Fast forward a few years and I was staring at the Abrams frame and thinking to myself, “there are some bits here I have never used….”. Between the assembly guide in the box and the very useful step-by-step guide on the website I managed to get my test models built and ready for a visit to the spray booth. But I thought it may be worth a quick primer for those of you that are about to embark on the assembly journey
The M1 Abrams and IPM1 Abrams Personally, I feel that these two versions have the most obvious differences that you can see at a glance, thanks to the change in the stowage bins.
The M1 Abrams (below left) has:
• 105mm gun
• Short stowage bins on turret side
• Full length bazooka skirts
• Three part blow-out panel on the top of the turret
The IPM1 Abrams (above right) has:
• 105mm gun
• Long stowage bin on turret side
• Large stowage bustle on back of turret
• Bazooka skirt cut-out in front of rear drive wheel
• Smoke Discharger reload boxes below the dischargers • Three part blow-out panel on the top of the turret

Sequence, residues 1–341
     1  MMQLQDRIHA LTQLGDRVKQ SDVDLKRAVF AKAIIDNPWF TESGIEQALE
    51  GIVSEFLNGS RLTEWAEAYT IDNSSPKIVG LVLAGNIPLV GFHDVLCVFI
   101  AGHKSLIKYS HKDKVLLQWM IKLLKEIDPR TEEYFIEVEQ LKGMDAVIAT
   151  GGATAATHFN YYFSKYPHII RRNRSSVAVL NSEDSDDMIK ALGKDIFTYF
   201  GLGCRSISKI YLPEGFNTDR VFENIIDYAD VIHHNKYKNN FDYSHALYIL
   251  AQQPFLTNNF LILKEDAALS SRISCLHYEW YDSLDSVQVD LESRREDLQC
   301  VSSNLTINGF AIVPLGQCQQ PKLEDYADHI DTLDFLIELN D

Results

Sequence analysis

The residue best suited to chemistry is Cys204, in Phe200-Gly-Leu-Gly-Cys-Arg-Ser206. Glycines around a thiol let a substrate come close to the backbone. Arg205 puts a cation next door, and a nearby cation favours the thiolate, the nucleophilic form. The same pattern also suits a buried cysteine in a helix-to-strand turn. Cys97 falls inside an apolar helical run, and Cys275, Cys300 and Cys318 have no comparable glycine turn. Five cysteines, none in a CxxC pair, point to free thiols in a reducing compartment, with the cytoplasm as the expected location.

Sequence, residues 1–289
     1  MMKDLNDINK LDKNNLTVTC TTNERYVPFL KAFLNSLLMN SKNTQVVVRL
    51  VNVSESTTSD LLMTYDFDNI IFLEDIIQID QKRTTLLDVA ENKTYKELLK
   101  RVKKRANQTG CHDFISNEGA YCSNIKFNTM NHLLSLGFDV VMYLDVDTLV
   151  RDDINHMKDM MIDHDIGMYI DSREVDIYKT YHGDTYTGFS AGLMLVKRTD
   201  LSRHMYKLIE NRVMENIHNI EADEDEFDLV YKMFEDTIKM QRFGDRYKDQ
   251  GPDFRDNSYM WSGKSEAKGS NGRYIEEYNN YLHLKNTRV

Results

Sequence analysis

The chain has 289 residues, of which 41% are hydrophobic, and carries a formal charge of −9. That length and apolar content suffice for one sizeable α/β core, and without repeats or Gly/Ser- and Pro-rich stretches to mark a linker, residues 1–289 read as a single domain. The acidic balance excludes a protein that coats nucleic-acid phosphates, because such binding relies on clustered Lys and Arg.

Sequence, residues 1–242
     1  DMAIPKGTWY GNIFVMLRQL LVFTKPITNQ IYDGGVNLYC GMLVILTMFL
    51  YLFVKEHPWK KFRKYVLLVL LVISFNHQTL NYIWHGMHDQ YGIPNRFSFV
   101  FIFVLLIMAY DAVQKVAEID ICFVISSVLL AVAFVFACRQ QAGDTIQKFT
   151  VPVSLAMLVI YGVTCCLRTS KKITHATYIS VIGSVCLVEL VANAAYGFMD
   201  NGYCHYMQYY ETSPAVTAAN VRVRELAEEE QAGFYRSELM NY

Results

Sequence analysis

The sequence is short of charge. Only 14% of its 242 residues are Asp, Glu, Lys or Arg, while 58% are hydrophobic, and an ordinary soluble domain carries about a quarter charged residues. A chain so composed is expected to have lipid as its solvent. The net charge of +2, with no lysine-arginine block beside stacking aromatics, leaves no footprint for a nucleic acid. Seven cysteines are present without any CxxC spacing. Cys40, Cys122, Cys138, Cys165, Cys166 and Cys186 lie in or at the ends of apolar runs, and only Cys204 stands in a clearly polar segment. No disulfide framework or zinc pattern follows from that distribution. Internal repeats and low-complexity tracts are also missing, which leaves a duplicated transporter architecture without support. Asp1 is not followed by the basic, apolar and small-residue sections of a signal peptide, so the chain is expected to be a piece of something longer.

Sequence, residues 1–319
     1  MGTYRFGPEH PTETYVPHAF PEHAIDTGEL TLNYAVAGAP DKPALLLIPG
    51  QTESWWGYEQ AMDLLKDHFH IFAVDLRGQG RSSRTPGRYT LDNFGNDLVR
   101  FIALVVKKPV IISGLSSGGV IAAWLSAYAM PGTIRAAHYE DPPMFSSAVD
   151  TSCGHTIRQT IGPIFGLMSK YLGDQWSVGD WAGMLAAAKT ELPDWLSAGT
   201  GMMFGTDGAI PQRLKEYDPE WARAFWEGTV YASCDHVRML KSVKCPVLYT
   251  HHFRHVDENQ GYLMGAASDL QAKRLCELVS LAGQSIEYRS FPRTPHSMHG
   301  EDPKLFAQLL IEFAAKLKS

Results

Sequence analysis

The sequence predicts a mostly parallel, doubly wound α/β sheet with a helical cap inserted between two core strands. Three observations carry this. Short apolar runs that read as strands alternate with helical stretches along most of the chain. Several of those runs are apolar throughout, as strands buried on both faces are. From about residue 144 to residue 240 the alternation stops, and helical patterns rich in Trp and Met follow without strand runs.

The M1A1 Abrams and M1A1HC Abrams These two tend to look a lot like the IPM1 at glance, especially if you are staring across the table at them, however there are a few key differences that once you know, will stand out.
The M1A1 Abrams (below left) has:
• 120mm gun • Long stowage bin on turret side • Large stowage bustle on back of turret • Bazooka skirt cut-out in front of rear drive wheel • Smoke Discharger reload boxes below the dischargers
• Two part blow-out panel on the top of the turret
• Circular cover (for where the Commanders CTIV would be installed on later models) on the top of the turret
The M1A1HC Abrams (above right) has:
• 120mm gun • Long stowage bin on turret side • Large stowage bustle on back of turret • Bazooka skirt cut-out in front of rear drive wheel • Smoke Discharger reload boxes below the dischargers • Two part blow-out panel on the top of the turret • Circular cover (for where the Commanders CTIV would be install on later models) on the top of the turret • APU (Auxiliary Power Unit) box on back right hand corner of hull
Hopefully this will help you spot the differences on the battlefield, but if you are looking for a little more help you can check out this handy guide that comes with the new Abrams box.